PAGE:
US meat processors hit back at accusations that ammonia-treated boneless lean beef trimmings, which were dubbed ‘pink slime’, were harmful to health. The American Meat Institute (AMI) refuted a claim made by the former US Department of Agriculture (USDA) scientist, Gerald Zirnstein, that 70% of ground beef sold in US supermarkets contained ‘pink slime’.
Although not an individual news story, Processing Equipment & Plant Design is a GlobalMeatNews.com category where the latest news on machinery and equipment can be found. The category keeps those in the meat industry abreast of the latest news from the equipment sector.
Authorities in Russia considered imposing an additional tax on what they called “unhealthy” meat producers. The tax was to form part of a proposal by the National Union of Consumer’s Rights Protection to Russia’s Ministry of Finance to tackle high-fat products, as well as the use of antibiotics in meat.
Russia considered banning all meat imports from Brazil and Argentina as a result of their “poor monitoring of quality compliance”. It was Russia’s Federal Services for Veterinary and Phytosanitary Surveillance (Rosselkhoznadzor) that deemed compliance to be poor. During a meeting with the Brazilian animal and plant protection secretary Enio Marques, head of Rosselkhoznadzor Sergei Dankvert said: “Rosselkhoznadzor considers the possibility of expanding the list of Brazilian companies certified to export to Russia as very problematic because of the lack of guarantees provided by the Veterinary Service of Brazil.”
In April the British Meat Processors’ Association (BMPA) criticised the European Commission’s ban on ‘desinewed meat’ (DSM), which is a product obtained by using low pressure to separate meat from bones. BMPA director Stephen Rossides called the ban a “criminal waste of a valuable product”.
Indian correspondent for GlobalMeatNews.com Raghavendra Verma reported in October that India was to be the world’s largest exporter of beef this year. According to a US Department of Agriculture (USDA) Livestock and Poultry-World Market trade report, worldwide demand was rising for Indian beef and it was predicted exports were to rise to 1.5 million tonnes (mt) by the end of the year. Whether the country succeeded in exporting more than the current leading exporter, which is Australia (1.4mt), remains to be seen in 2013.
It was an announcement that left the UK’s meat industry in shock as more than 13,000 jobs were put at risk. Although the UK is still feeling the fallout of Vion NV’s decision to sell its UK operations to focus on its European business, the company has since sold its pork division in a management buyout, which could see around 4,000 jobs saved.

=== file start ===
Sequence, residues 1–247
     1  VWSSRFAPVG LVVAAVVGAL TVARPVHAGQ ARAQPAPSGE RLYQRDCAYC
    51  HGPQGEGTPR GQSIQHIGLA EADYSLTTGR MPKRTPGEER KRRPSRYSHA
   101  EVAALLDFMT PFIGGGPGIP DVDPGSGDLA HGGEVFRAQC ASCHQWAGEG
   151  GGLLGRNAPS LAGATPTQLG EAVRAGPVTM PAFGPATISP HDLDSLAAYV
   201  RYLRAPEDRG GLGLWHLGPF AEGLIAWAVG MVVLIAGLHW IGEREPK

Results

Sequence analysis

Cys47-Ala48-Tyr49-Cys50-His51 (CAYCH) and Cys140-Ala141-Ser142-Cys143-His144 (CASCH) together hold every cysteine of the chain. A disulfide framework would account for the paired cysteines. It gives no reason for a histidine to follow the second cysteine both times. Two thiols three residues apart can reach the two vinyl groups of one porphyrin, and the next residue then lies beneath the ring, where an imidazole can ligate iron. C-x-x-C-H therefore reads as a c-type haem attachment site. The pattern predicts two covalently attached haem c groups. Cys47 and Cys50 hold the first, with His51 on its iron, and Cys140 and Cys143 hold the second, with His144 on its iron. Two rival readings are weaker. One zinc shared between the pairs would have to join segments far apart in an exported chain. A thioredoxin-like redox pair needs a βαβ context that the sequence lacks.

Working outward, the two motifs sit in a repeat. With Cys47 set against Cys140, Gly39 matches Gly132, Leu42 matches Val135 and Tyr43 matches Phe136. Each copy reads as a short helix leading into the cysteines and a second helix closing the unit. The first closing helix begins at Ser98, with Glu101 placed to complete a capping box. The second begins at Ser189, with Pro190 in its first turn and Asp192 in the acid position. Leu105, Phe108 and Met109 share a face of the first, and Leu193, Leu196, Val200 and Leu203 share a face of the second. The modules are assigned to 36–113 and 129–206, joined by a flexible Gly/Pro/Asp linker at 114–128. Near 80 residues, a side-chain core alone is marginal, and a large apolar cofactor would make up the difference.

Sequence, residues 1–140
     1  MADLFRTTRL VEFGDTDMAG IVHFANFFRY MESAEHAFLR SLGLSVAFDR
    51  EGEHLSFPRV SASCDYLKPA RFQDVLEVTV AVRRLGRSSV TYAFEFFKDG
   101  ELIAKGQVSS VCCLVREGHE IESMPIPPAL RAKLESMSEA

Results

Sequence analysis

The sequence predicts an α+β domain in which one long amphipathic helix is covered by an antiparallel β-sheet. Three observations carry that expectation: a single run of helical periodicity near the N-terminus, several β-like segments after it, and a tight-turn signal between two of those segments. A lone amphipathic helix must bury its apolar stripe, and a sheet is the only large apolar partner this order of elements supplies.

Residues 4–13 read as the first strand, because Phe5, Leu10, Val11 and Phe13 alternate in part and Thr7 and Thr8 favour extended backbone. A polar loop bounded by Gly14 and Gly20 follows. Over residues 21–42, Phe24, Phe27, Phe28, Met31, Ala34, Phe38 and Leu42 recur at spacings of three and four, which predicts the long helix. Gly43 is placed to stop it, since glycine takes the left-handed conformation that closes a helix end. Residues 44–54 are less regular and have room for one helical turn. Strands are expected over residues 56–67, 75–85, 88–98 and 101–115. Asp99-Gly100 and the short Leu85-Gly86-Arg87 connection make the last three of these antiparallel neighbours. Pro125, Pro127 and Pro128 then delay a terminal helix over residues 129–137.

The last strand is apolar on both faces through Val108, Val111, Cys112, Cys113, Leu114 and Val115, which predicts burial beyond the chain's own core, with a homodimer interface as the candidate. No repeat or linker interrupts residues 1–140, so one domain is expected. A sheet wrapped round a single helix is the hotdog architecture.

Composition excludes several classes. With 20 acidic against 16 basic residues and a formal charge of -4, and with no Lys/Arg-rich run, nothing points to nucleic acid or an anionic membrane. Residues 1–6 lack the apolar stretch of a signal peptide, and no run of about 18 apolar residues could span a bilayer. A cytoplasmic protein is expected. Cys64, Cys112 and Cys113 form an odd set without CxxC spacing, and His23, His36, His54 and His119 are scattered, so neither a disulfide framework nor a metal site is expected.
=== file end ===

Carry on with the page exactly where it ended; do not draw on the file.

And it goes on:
After a group of 13 UK halal scholars met, a new Shariah-compliant halal certification scheme for the food industry was created. The group of scholars, named as the Halal Authority Board (HAB), hoped the new certification scheme would be adopted as a worldwide standard.
In March the American meat industry was worried about the consequences of a decision made by major retailers to stop selling ground beef that contained lean, finely textured trimmings (LFTB), more commonly known as ‘pink slime’. The National Meat Association (NMA) was concerned that if retailers stopped selling ground beef containing LFTB, then thousands of jobs would be lost in the sector. Meanwhile the American Meat Institute (AMI) voiced concerns about the shortfall in cattle the industry would see as a result of the decision and said: “AMI estimates that without LFTB, the industry would need 1.5m additional head of cattle to make up the difference in the beef supply.”
Most read story of 2012
June saw Philip Ridley of nutritional charity the Weston A. Price Foundation tell GlobalMeatNews.com that environmental groups were potentially causing risk to human health and the environment by recommending low-meat diets. Ridley said: “Grass fed meat has a healthy balance of omega 3 and omega 6 and is rich in minerals and vitamins A and K2.” He also explained that animals produced vitamin D from sunshine and said the “demonisation” of livestock also put the world’s farmland at great risk, as the grazing of livestock builds up land fertility and top soil, which is vital for vegetable and grain growth.